Let’s take a quick look at the costs of installing a porcelain countertop in various prominent areas of your house.
When you install a porcelain countertop in your bathroom, its cost can range from as little as $120 to as much as $1400.
It all depends on whether you choose a tile or slab and the size of your countertop.
Going with tiles instead of slabs will keep costs low, while larger countertops or gauged slabs will be more expensive.
When it comes to installing a porcelain countertop outdoors, the cost will again vary depending on the size and type of porcelain you use.
For example, the cost of installing an outdoor porcelain tile countertop will typically range from $240 to $600.
On the other hand, a gauged porcelain countertop will cost more than that.
Typically, the cost of installing an outdoor porcelain countertop will range from $240 to $2400, depending on the size of the countertop and the complexity of the installation.
On average, a kitchen countertop made from porcelain will cost you anywhere from $600 to $4800.
This price range obviously depends on what type of porcelain countertop you decide to use (slab or tile) and the size of the countertop itself.
3. Type of Finish
One of the most important factors that affect the cost of a porcelain countertop is the type of its finish.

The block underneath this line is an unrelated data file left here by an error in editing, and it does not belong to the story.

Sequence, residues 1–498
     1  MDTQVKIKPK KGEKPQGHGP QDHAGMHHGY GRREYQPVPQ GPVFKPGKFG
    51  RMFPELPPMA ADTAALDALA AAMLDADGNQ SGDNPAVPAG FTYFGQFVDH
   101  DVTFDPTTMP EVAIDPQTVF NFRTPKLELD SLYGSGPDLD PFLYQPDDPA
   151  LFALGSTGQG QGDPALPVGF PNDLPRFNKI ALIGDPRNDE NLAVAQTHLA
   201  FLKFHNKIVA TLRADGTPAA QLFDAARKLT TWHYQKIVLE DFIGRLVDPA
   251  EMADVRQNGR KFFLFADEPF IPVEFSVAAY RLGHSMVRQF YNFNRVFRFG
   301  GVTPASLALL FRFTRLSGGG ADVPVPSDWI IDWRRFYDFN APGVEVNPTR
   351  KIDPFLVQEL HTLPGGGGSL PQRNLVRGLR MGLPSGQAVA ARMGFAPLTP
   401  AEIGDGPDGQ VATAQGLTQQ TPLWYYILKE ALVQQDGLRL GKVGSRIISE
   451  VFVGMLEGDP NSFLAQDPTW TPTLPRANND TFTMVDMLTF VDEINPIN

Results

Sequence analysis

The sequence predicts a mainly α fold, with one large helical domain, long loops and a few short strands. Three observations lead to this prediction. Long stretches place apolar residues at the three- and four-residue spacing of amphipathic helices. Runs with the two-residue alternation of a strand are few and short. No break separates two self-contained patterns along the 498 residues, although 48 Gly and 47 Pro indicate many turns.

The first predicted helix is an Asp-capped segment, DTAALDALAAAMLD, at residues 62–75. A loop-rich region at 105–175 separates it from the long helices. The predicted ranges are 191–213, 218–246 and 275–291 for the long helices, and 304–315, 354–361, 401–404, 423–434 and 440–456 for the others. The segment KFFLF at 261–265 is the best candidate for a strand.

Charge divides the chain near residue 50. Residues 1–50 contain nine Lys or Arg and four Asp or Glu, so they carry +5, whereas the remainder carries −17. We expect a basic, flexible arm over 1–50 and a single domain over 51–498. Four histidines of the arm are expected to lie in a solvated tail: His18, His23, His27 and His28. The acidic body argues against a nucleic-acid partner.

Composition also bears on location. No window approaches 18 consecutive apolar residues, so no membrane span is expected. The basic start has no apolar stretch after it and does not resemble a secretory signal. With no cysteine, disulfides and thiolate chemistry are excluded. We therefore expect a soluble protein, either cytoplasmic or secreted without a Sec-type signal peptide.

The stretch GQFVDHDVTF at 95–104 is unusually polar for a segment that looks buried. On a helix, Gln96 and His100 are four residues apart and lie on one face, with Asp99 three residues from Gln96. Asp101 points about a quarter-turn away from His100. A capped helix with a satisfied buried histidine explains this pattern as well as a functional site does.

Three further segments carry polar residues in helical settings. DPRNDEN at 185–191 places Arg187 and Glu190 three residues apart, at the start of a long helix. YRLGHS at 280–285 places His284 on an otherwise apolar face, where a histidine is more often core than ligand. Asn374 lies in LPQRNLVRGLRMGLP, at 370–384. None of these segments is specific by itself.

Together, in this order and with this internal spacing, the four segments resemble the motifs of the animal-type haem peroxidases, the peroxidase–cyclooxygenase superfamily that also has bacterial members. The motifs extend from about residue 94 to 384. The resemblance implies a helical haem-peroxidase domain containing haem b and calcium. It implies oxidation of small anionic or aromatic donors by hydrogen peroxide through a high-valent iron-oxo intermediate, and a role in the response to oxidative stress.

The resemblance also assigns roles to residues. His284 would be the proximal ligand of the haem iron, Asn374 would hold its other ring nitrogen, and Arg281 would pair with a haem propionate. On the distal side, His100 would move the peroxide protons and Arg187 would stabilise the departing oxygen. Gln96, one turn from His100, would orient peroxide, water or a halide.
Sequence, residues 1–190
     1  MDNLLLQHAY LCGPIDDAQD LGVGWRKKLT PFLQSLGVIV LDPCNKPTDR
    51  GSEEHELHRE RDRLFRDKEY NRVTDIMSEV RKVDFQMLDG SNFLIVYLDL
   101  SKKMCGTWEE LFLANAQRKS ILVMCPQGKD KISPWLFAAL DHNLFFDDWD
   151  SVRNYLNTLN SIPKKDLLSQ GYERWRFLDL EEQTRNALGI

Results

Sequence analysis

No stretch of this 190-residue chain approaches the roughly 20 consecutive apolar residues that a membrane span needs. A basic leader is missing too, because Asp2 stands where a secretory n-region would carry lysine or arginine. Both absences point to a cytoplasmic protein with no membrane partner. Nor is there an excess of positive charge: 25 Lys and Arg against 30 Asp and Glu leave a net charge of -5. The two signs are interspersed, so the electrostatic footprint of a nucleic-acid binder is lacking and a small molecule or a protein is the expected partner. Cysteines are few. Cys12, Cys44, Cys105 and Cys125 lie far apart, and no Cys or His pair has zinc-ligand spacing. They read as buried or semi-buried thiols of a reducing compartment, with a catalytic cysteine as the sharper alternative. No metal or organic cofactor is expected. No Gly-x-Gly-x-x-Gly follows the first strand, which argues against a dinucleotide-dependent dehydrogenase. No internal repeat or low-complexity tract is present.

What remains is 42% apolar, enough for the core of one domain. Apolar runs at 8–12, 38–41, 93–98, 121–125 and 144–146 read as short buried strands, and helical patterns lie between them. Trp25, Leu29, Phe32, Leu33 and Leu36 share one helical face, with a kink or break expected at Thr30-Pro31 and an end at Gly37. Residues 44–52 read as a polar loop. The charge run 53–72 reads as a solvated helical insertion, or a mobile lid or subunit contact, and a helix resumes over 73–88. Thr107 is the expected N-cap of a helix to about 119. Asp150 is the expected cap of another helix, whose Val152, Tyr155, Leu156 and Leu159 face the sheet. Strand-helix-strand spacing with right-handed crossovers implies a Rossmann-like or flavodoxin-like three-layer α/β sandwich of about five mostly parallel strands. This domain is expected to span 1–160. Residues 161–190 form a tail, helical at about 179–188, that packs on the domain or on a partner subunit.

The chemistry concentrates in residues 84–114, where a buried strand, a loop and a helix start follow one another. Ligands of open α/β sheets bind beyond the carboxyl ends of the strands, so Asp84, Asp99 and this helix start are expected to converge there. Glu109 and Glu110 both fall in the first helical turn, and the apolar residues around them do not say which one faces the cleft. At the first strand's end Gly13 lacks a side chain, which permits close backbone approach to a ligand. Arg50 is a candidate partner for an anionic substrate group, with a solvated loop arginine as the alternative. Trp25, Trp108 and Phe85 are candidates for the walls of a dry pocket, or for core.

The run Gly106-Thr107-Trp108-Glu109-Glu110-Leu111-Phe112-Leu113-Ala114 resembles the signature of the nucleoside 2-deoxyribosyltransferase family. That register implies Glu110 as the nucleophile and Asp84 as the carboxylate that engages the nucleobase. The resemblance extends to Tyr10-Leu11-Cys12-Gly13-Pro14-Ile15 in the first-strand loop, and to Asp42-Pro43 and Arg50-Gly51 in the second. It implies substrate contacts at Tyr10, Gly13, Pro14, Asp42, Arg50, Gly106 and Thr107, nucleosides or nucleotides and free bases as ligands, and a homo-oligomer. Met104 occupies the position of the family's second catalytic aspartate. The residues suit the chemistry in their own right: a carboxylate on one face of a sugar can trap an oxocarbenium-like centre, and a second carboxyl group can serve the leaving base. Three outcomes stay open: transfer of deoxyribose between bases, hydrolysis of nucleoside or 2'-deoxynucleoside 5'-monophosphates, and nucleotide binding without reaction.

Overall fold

Polished porcelain countertops are usually a bit more expensive than unpolished ones.
Unlike granite countertops, it’s not possible to change a porcelain countertop’s finish; whatever you choose at the store is what you’ll have to live with.
That means if you find yourself drawn to a certain color or pattern in a polished finish, then that’s what you will have to buy.
You can’t get that countertop honed.
Coming to the cost, a polished countertop’s price will range from $9 to $12 per square foot, and that of an unpolished countertop will range from $8 to $11.
4. Labor Required for Installation
If you plan on installing porcelain countertops, you should be aware that labor can have a huge effect on the final cost of your countertop.